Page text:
The Gulag Archipelago
Part 5, Chapter 2
(written 1968; published 1974)
It pains me to write this as the Ukraine and Russia are merged in my blood, in my heart, and in my thoughts. However, extensive experience of friendly contacts with Ukrainians in the camps has shown me how much of a painful grudge they hold. Our generation won’t escape from paying for the mistakes of our fathers. To stamp one’s foot and shout, “This is mine!” is the easiest option. It is far more difficult to say, “Those who want to live, live!” Surprising as it may be, the Marxist teaching prediction that nationalism is fading hasn’t come true. On the contrary, in an age of nuclear research and cybernetics, it has for some reason flourished. The time is coming for us, whether we like it or not, to repay all the promissory notes of self-determination and independence; we should do it ourselves and not wait to be burnt at the stake, drowned in a river, or beheaded. We must prove that we’re a great nation, not with the vastness of our territory or the number of peoples in our care, but with the greatness of our deeds, and with the depth of ploughing what we shall have left after those lands that won’t want to stay with us secede.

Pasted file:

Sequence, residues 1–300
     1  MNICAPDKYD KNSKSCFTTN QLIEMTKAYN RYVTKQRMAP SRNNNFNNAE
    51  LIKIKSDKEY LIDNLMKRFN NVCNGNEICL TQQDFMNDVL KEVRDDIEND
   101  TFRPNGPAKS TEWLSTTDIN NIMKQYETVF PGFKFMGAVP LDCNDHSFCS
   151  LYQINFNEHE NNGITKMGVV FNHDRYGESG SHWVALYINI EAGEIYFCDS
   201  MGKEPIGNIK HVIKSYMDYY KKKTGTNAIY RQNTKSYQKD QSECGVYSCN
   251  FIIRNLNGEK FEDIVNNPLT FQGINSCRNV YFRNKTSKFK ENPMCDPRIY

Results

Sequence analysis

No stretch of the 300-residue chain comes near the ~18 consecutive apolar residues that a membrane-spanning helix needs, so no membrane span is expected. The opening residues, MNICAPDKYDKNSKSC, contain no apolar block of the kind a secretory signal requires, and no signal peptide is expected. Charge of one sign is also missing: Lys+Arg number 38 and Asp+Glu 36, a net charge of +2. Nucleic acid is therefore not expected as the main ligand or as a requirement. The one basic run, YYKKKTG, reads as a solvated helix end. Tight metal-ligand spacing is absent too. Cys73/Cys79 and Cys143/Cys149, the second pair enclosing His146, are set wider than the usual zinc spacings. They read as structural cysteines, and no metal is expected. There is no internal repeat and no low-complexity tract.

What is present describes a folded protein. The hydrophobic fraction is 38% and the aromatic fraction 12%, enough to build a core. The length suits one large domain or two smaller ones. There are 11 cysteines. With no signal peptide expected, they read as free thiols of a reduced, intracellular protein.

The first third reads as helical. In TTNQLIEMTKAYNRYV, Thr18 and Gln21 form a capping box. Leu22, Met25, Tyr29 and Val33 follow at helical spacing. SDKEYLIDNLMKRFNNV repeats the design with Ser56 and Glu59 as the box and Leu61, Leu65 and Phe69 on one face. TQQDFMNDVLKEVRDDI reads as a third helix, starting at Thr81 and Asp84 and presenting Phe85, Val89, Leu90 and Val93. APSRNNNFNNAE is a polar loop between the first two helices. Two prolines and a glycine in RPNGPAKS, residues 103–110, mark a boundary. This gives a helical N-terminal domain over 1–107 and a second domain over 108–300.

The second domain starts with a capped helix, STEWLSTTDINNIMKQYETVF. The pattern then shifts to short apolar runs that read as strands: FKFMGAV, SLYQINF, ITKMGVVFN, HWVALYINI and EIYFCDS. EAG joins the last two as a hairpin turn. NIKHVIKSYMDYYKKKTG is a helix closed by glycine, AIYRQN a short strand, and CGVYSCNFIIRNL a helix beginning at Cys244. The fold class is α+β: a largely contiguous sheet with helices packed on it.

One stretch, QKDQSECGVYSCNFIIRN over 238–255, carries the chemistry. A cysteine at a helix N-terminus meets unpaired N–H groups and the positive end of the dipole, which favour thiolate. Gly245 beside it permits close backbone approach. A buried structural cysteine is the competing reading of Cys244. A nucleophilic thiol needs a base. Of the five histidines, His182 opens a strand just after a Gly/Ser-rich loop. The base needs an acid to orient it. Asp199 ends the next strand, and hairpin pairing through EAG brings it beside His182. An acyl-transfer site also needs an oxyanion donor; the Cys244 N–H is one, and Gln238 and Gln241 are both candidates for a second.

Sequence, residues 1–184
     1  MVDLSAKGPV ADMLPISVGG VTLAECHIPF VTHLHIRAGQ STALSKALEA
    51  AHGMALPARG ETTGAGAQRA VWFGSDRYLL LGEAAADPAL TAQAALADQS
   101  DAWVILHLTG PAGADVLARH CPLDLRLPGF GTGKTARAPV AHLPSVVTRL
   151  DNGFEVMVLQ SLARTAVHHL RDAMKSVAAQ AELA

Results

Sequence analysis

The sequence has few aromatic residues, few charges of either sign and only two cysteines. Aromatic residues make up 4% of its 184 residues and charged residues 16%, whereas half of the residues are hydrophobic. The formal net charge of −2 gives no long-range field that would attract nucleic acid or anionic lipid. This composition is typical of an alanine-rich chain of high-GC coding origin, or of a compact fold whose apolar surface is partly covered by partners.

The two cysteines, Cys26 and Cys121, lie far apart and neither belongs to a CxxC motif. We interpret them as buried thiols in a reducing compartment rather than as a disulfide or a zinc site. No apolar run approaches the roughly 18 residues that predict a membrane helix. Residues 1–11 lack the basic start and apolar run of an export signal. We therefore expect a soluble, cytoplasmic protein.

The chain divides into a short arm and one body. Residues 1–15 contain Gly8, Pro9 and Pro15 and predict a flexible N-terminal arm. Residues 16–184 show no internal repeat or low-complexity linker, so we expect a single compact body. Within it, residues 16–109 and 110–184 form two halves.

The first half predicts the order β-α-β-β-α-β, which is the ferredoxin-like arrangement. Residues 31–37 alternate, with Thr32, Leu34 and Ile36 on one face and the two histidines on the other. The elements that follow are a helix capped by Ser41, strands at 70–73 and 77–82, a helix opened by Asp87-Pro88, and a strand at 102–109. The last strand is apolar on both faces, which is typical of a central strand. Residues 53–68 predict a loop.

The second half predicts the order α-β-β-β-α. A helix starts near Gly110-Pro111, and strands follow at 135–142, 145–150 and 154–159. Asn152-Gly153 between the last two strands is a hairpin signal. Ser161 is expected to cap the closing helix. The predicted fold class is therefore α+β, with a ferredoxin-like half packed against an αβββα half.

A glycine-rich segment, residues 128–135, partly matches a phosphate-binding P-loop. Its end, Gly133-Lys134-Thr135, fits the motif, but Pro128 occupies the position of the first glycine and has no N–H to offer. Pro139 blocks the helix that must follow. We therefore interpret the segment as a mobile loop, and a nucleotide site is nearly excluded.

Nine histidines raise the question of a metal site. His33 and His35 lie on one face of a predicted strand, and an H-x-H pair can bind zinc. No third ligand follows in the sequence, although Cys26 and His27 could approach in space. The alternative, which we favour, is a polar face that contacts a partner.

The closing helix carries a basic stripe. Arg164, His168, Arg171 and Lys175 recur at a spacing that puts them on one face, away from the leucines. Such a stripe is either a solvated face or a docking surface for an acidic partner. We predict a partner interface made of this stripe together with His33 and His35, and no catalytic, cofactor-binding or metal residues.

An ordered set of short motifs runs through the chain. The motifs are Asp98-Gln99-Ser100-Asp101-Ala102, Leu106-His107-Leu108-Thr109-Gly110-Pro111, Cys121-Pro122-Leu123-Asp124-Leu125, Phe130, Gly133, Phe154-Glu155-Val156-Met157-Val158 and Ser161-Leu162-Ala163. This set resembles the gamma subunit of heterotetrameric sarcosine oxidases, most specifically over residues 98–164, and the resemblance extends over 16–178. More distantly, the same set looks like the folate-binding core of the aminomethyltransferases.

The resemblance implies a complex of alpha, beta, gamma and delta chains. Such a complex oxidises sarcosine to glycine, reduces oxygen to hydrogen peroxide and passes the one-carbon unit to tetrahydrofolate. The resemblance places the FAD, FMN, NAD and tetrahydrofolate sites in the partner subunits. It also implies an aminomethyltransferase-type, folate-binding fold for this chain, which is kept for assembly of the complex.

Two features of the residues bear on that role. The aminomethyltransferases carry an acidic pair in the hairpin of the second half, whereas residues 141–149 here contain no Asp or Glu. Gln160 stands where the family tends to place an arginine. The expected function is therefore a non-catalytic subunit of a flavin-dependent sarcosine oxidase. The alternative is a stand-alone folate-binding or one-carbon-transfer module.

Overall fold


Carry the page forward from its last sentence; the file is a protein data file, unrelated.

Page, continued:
With the Ukraine, things will get extremely painful. Nevertheless, one has to understand the degree of tension they feel. As it’s been impossible for centuries to resolve it, it’s now down to us to show good sense. We must hand over the decision-making to them… federalists or separatists, whichever of them wins. Not to give in would be mad and cruel. The more lenient, patient, coherent we now are, the more hope there’d be to restore unity in future. Let them live it, let them test it. They’d soon understand that not all problems are resolved through separation. Since in different Ukrainian regions there are varying proportions of those who consider themselves Ukrainians, those who consider themselves Russians, and those who consider themselves neither, there’d be many difficulties there. Maybe, it’d be necessary to have a referendum in each region and then ensure preferential and delicate treatment of those who’d want to leave. Not the whole of the Ukraine in its current formal Soviet borders is indeed Ukrainian. Some regions on the left bank [of the Dnepr] clearly lean more towards Russia. As for the Crimea, Khrushchyov’s decision to hand it over to the Ukraine was totally arbitrary. What about Carpathian (Red) Ruthenia? That’d serve as a test, too… whilst demanding justice for themselves, how just will the Ukrainians be to Carpatho-Russians?